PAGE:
Most private firm business models continue to adhere to the “pay-your-dues-and-climb-the-ladder” tradition. But regardless how accomplished a woman may be, she cannot climb, much less reach the top of, the leadership ladder unless she spends a certain amount of years in her work environment. Nowhere is this more painfully obvious than with women of color in law firms. The statistics are compelling: In 2005, the National Association of Law Placement (NALP) reported that 81 percent of women lawyers of color left their law firms within five years of being hired. Recognizing the need for a comprehensive analysis of the unique concerns and experiences of Hispanic, African American, Native American, and Asian American women in the legal profession, in 2004 the American Bar Association’s Commission on Women in the Profession undertook a first-ever, groundbreaking research study comprised of a national survey and focus groups.
Published in October 2006, Visible Invisibility: Women of Color in Law Firms explores the experiences ofwomen of color who had worked in a law firm of at least 25 attorneys. It answers such critical questions as: Do women of color attorneys’ work experiences surpass or fall short of expectations, and how do their experiences differ from those of their majority colleagues? How do legal employers hinder or increase job satisfaction? Why do women attorneys of color change practice areas and organizations, or leave the profession at an alarming rate?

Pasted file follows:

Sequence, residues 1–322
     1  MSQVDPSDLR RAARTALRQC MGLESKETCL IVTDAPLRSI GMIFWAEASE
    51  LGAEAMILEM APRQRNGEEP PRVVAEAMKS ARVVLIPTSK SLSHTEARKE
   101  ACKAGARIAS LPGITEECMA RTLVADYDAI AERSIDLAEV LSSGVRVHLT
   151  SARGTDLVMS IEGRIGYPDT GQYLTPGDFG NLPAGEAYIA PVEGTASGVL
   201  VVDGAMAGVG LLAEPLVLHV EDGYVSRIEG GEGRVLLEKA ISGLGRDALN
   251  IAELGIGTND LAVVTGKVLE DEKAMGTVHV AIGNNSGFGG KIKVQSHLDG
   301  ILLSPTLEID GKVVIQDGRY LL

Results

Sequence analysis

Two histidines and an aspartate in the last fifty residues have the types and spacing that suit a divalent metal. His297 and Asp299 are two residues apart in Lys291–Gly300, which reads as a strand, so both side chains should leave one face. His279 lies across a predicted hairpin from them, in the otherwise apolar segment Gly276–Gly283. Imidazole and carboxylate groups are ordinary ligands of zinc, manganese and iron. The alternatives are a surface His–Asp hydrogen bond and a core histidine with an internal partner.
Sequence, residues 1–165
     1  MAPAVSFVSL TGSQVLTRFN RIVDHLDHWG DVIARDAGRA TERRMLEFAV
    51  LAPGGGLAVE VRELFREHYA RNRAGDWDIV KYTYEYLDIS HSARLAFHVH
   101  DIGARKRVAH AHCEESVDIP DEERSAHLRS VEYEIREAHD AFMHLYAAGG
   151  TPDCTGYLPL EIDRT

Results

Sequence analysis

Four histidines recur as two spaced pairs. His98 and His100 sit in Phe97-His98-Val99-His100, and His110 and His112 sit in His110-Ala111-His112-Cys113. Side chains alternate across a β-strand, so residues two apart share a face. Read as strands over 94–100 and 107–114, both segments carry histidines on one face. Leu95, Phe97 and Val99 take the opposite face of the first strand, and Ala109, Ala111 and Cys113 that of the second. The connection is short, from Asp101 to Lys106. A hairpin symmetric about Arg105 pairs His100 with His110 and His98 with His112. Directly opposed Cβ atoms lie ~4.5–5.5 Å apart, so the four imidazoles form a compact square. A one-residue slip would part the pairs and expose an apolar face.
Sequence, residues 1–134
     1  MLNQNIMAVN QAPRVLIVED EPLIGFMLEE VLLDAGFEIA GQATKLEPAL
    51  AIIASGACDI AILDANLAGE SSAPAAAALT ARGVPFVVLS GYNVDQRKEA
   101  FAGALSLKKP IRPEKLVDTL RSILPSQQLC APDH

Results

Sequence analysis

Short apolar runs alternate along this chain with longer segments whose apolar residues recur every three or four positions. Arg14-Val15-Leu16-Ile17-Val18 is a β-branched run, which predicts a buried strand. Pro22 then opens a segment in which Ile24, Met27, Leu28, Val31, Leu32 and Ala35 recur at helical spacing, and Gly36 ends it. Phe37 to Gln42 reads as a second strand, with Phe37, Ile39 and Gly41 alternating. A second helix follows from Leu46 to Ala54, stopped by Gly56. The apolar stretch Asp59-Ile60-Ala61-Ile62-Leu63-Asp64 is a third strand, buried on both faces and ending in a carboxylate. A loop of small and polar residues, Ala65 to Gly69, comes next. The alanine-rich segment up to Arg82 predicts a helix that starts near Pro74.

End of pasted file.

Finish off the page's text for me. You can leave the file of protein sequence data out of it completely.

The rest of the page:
The report details what has been called a double-bind or “double-whammy.” Women of color experience unique disadvantages based on race in addition to gender. White women expe- rience such events based on gender alone, men of color experience such events on color alone, and white men have virtually no first hand or personal experience with discrimination.
Despite the genuine efforts of law firms to diversify, Hispanic, African American, Native American, and Asian American women lawyers nationwide report a lack of networking and access to significant billable hours, being skipped over for client development opportunities, and being subjected to demeaning comments and harassment. They often feel isolated and alienated, sometimes even from other women.
Among the report’s key findings:
• Approximately 62% of women of color said they had been excluded from networking opportunities, compared with 60% of white women, 31% of men of color, and 4% of white men.
• 49% of women of color said they had experienced demeaning comments or harassment, compared with 47% of white women, 34% of men of color, and 2% of white men.